People, like me, who were raised in the Sixties, remember the gut-wrenching images of social unrest – anger, protests, bloodshed, and chaos on college campuses. We spoke truth to power then, and felt empowered to make a difference in Vietnam and for civil rights.
Today, protests over the deaths of Michael Brown, Eric Garner, and Freddie Gray remind us that the struggle for social justice is never-ending. It’s a conversation that must go beyond Grand Jury decisions, words spoken by public officials, and a single focus on police. Young people must be able to envision pathways forward, be positively engaged in the process, and see themselves as important voices for systemic change. Historically, protests have played a vital role in social change. What makes today’s youth motivated to speak up for change as we did in my generation?
Education is a big part of the answer. In Excellent Sheep: The Miseducation of the American Elite and the Way to a Meaningful Life, former Yale professor William Deresiewicz blames schools for failing to instill the values that led prior generations of Americans to work toward the betterment of society. He sees today’s students as “sheep” who follow prescribed pathways to material, academic, and self-success, while ignoring the needs of those around them. Deresiewicz convinces us that the goal of education should always be “to leverage learning as an agent of social change — the kind of objective that makes leadership and citizenship into something more than pretty words.”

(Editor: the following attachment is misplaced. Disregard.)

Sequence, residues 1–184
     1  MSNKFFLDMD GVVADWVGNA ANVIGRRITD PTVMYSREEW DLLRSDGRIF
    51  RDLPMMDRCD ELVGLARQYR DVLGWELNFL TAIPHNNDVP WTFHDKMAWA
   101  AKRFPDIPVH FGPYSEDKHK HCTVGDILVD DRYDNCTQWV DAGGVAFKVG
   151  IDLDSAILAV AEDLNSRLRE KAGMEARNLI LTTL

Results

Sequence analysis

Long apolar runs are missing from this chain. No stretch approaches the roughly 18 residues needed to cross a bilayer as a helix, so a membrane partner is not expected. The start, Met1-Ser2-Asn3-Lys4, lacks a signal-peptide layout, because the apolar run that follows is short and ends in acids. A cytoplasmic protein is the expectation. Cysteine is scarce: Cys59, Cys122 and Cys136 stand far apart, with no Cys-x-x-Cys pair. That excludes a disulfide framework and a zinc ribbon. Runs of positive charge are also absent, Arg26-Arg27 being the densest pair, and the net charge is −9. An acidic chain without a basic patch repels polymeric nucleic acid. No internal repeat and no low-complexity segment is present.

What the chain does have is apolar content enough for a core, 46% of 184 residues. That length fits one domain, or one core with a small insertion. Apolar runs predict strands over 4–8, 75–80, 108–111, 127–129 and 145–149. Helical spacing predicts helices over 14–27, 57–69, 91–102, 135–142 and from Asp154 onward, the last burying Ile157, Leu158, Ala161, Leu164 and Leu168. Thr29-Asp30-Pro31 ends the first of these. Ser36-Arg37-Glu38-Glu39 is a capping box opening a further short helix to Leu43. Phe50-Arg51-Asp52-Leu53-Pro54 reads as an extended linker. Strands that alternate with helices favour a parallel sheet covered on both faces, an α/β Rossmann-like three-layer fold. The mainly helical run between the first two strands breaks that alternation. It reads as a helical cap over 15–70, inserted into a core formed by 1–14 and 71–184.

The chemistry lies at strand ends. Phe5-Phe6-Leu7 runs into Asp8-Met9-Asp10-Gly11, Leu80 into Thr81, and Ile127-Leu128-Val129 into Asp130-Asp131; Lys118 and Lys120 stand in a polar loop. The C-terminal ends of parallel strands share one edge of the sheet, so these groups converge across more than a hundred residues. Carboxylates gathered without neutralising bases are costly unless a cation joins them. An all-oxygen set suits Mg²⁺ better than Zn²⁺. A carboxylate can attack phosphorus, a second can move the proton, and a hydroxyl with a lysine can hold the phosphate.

Here’s where we have a problem. Never before have young people been so disengaged from their communities and uninformed about the tenets of democracy. In No Joking: Our Kids Are Failing Democracy 101, I laid out the sad state of civics education and youth civic engagement today. I agree with Deresiewicz that we need a better educational and developmental model for children, one that instills civic values and encourages engagement. Only then will civic protests lead to positive dialog and needed change.
While civic apathy has increased over several decades, there is one psychological motivator that always drives social change — anger. When young people care fiercely enough about justice, equality, or other societal issues, their voices are powerful agents for change. Diverse middle and high school youth, from those living in affluence to those living in poverty, must talk with each other as well as with parents, teachers, and public officials. When they take part in dialogue; walk together in peaceful protests; and problem-solve in their local communities, they send a strong, formidable message to elected officials.
Will the deaths of young black men engage more youth in protests and conversations about social justice? I hope so. In fact, it may be education’s golden opportunity to transform the anger of Ferguson, Staten Island, and Baltimore into real learning for American youth.
Teachers don’t need to look far to find resources to support young people to make a difference. Check out the following organizations for guidance and inspiration. And then, help students find their voices in meaningful, nonviolent, artistic, and powerful ways that may just be the greatest civics lesson of the 21st century.